Alternatively, if you watched the 2016 Rio Olympic games, you may have seen athletes with large red circles on their bodies, signs of another form of alternative medicine utilizing meridian lines: cupping. Instead of needles, cupping uses heated glass jars that are cleared of oxygen and suctioned to the body. This is supposed to create blood flow in the local area, and it is believed by some to help treat pain, deep scar tissues in the muscles and connective tissue, muscle knots, and swelling.
It’s important to note that many alternative medicines like acupuncture and cupping are actually considered pseudoscience, meaning that the “healing power” people tend to feel may stem from the placebo effect. Either way, people swear by these medicines, and strange things are at work here that need to be studied!
When it comes to the power of the mind or at least the power of mindfulness, you won’t get far without mentioning meditation.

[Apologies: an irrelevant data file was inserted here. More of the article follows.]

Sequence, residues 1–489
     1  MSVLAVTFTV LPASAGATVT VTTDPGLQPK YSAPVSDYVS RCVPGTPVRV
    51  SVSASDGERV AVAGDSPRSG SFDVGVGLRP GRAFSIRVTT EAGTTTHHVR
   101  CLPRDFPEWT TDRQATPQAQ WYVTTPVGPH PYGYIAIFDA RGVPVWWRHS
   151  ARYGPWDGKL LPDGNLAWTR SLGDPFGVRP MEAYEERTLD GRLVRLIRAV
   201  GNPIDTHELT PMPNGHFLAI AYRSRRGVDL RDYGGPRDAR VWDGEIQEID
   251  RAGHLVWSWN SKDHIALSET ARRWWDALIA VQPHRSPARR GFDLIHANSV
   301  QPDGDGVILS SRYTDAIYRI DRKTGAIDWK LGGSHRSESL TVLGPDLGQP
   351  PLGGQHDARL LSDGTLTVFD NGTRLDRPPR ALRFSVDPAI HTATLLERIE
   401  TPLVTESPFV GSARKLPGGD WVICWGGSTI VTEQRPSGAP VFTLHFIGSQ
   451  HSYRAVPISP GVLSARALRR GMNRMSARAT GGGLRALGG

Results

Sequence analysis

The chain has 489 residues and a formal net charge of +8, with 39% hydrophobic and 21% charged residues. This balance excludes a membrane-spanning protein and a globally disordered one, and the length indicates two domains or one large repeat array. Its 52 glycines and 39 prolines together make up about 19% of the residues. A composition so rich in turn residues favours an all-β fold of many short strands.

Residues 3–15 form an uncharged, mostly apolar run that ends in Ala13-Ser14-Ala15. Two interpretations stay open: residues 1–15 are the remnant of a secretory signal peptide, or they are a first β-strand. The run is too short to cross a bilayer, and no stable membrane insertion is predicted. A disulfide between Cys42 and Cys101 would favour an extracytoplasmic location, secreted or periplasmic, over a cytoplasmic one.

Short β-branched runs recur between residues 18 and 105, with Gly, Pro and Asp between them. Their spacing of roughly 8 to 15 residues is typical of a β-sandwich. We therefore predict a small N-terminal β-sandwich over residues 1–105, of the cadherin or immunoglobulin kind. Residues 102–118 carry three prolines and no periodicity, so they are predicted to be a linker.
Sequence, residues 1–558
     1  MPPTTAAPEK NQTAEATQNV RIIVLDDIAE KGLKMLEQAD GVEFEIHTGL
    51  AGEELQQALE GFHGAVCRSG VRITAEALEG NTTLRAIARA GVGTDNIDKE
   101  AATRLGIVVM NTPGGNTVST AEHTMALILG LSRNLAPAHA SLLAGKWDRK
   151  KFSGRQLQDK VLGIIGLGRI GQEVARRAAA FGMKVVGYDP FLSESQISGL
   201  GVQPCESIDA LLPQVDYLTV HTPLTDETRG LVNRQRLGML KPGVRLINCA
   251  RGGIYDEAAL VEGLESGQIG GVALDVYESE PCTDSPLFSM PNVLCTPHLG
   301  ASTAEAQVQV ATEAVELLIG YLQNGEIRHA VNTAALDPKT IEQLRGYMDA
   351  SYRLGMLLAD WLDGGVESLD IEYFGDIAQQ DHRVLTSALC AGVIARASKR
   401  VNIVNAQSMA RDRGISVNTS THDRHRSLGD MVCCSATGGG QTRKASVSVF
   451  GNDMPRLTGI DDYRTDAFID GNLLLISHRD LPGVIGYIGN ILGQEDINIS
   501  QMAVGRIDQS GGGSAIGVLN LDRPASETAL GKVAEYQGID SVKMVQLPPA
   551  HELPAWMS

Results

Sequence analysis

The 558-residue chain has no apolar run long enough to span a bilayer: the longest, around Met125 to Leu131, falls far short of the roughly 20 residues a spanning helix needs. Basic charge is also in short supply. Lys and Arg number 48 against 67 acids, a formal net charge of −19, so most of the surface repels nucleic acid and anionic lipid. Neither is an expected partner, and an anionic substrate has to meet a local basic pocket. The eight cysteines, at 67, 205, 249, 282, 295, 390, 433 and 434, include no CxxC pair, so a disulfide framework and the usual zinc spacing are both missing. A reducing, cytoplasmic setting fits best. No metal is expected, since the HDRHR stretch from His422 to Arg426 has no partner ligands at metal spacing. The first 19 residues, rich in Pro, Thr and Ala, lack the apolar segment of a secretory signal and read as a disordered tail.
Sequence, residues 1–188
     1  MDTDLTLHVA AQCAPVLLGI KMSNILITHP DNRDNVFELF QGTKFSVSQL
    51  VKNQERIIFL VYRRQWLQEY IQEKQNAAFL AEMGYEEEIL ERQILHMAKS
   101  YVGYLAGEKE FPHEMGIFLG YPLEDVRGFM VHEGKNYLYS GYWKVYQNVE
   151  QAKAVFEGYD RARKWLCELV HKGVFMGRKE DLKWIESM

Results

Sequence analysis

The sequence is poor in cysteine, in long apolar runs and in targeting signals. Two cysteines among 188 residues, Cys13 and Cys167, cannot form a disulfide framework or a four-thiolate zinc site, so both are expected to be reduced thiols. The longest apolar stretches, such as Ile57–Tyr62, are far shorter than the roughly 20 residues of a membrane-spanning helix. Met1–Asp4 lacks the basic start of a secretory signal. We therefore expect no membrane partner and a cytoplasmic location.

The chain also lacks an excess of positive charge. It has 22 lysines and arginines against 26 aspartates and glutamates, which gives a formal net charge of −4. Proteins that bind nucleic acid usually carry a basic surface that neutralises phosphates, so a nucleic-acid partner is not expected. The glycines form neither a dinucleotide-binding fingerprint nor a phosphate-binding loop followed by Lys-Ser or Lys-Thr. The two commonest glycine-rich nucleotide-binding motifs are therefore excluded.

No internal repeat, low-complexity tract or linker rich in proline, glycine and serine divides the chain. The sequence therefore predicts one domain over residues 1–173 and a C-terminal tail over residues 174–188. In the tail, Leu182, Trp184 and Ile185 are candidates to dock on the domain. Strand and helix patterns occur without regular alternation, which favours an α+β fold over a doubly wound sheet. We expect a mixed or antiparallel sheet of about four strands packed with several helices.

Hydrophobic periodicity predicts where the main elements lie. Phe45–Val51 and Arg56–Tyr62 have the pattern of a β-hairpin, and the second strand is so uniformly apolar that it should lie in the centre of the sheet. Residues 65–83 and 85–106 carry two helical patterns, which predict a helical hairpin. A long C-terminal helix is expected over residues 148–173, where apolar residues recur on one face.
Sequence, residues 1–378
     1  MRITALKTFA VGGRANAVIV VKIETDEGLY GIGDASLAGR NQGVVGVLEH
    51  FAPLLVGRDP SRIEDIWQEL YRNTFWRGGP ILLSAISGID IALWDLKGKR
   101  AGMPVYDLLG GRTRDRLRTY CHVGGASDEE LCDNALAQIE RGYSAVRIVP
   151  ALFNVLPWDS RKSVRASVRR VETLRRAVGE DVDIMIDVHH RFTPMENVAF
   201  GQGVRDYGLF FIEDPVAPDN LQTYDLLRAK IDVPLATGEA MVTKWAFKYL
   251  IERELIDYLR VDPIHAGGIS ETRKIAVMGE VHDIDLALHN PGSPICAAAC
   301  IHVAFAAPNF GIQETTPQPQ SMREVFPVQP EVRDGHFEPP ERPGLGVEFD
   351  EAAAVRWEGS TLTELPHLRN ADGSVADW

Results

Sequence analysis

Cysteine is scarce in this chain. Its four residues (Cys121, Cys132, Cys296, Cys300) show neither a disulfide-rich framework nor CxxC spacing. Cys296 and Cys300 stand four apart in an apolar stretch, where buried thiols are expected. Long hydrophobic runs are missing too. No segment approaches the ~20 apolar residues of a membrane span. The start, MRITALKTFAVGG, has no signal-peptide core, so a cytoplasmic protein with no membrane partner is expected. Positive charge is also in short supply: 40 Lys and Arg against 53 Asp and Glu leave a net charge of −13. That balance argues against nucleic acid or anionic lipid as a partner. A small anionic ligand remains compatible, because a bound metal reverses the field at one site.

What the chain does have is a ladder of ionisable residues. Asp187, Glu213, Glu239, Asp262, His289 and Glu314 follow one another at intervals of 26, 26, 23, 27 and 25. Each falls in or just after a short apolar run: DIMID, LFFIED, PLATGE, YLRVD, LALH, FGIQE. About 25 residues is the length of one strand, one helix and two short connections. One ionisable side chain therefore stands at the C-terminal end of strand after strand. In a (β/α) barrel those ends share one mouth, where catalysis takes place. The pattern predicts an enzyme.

While you may not learn how to levitate off the floor, just a few minutes of meditation a day can help to reduce stress. Stress is no frivolous concern, either. Recent research performed by the American Psychological Association shows that 51 percent of women and 43 percent of men in America experience negative side effects of chronic stress, which can even lead to death. It’s not just stress that’s impacted by meditation, however. A neuroscientist at Massachusetts General Hospital and Harvard Medical School, Sara Lazar, recently found that meditation may actually help grow your brain.
It’s customary in Northern European culture to hit the sauna at least once a day, and you’d be considered a weirdo if you’ve never been in one. Some people believe that saunas offer great health benefits such as cleansing the skin and flushing toxins. What’s for sure is that saunas make you sweat, can help you burn more calories, and, like meditation, help reduce stress.
It’s imperative to remember that, while relaxing and healthy, saunas can be dangerous if not used properly. Dr. Harvey Simon writing for Harvard Men’s Health Watch suggests that sauna users follow these simple precautions:
- Avoid alcohol and medications that may impair sweating and produce overheating before and after your sauna.
- Stay in no more than 15–20 minutes.
- Cool down gradually afterward.
- Drink two to four glasses of cool water after each sauna.
- Don’t take a sauna when you are ill, and if you feel unwell during your sauna, head for the door.
6. Essential Oils